Yesterday, we got to the movie theater earlier than most and grabbed center seats. As the room started to fill up, I started feeling really anxious. A tightness in my chest. Giving people an extra once-over as they settled in with their popcorn. When the lights went down, I realized I had slunk down in my chair so my head was barely peeking over the back. With the previews rolling, I took a few deep breaths and told myself…”You’ll be fine.” Really? Who is this person that’s afraid to be out and about? To be with people. To live her life.
Something changed for me on Friday. Watching the news come in, the tightening in my chest and the sinking feeling as the updates went from bad to worse. I’ve had a couple heaving, shaking cries. Mourning the loss of so many innocent people, searching for answers the way I know many have since then. Trying to sort out in my head how I can talk about bringing children into a world that’s, frankly, pretty scary. Incredulously wondering where people are safe if they can’t even go to school without fear. Thinking about dear friends who care so much for children & how selfless those folks are. I haven’t felt this way since September 11th – scared at how thin our fiber is when it is held up to the light.
I’m not a political pundit. I’m not an expert on gun control or security or psychological care. I’m a food blogger with a quiet space to turn to when I need to chat. I come here to sort myself out and, sometimes, folks come here to read it. I’m also a citizen who knows that the tragedy that took place on Friday should never happen…yet happens far too often. As many in our blogging community are observing a social media day of silence – in honor of those whose lives are forever changed – I finally have the lump out of my throat and, today, I just needed to talk. Will this be the thing that jolts us awake? Will be be able to get out of this blurry sea of fear and grief and do something this time instead of just wringing our hands until the next worst-thing-ever occurs?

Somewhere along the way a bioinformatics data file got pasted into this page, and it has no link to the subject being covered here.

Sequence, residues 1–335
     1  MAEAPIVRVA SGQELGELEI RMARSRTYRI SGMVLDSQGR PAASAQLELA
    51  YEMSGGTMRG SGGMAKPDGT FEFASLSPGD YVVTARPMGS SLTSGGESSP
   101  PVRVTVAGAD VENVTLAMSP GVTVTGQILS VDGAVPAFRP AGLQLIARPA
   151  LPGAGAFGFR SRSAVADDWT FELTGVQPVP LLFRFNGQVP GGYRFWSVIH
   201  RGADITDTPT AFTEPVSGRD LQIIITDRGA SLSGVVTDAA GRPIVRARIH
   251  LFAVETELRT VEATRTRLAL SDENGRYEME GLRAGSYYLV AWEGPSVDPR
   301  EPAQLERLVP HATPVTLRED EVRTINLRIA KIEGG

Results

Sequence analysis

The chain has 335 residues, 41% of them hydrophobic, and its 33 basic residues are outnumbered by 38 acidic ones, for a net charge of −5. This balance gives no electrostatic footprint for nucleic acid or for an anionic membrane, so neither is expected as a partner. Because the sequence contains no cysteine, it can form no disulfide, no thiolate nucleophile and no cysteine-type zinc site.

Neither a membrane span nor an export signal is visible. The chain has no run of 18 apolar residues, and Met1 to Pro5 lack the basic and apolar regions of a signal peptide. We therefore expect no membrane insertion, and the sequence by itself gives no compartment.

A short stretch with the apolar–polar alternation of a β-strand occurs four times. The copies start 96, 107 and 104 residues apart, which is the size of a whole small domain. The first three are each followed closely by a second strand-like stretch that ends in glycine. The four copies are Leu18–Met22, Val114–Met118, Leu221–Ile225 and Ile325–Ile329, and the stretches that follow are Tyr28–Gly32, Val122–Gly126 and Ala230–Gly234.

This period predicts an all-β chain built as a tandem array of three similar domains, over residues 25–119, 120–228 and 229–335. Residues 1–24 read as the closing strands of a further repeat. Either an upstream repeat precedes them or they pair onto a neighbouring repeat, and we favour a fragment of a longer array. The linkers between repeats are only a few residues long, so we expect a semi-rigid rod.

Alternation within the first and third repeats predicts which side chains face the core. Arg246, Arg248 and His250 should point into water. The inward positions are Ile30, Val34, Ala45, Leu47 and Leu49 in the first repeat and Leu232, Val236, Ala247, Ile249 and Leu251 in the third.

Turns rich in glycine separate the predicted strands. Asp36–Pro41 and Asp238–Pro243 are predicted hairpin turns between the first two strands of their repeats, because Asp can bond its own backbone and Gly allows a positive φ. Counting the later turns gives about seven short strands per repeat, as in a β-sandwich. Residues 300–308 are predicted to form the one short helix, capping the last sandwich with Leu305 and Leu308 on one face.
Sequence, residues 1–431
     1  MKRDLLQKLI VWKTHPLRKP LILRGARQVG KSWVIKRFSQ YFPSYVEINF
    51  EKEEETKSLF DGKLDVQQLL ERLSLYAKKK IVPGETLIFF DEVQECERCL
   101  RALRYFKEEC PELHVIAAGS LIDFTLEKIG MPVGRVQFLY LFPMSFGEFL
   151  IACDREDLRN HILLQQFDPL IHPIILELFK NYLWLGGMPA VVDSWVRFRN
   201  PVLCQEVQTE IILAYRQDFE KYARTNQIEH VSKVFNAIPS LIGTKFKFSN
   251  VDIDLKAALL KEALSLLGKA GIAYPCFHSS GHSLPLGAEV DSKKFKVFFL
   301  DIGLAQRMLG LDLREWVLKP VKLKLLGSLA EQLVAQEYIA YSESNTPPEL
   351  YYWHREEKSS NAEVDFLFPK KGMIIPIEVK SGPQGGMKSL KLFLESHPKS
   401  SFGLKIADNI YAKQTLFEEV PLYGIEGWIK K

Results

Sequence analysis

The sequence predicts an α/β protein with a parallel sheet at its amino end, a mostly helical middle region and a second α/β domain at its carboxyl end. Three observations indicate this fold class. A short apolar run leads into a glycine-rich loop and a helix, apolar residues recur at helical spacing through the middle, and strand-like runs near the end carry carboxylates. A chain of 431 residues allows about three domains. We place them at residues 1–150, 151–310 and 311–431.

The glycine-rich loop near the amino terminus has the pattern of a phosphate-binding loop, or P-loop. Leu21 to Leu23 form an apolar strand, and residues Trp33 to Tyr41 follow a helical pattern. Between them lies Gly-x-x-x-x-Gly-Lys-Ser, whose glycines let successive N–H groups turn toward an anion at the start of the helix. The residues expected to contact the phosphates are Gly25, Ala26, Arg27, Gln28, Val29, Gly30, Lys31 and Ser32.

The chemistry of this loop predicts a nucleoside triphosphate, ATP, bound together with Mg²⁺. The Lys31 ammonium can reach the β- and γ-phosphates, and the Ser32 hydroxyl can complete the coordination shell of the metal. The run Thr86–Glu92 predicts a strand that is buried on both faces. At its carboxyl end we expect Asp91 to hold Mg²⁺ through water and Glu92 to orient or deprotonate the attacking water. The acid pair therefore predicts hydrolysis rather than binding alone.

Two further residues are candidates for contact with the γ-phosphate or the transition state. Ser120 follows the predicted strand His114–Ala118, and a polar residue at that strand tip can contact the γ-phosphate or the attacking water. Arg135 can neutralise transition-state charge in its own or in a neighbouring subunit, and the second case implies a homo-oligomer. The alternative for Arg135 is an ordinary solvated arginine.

Today is the day where we all have to go back to our “real lives” – no more hiding at home and tucking away from what’s happened. We go back to work, we send our children back to school, we do our best to be normal. We hug each other a little more, a little tighter. Readjust to our routine and be mindful of those for whom there is no normal anymore. Send our positive thoughts and energy and love to a town full of folks I’ve never met…and use whatever we have left to not let fear win. My hope is that, after these days of silence, it IS the time to address the access to weapons, a frighteningly weakened healthcare system that casts aside issues of mental health, and a culture where death and violence is commonplace and seems like just part of a game. I hope that, after today, that the voices of all who can’t bear to watch another Friday begin being heard and it might get loud.
photo taken in New York City – June 2012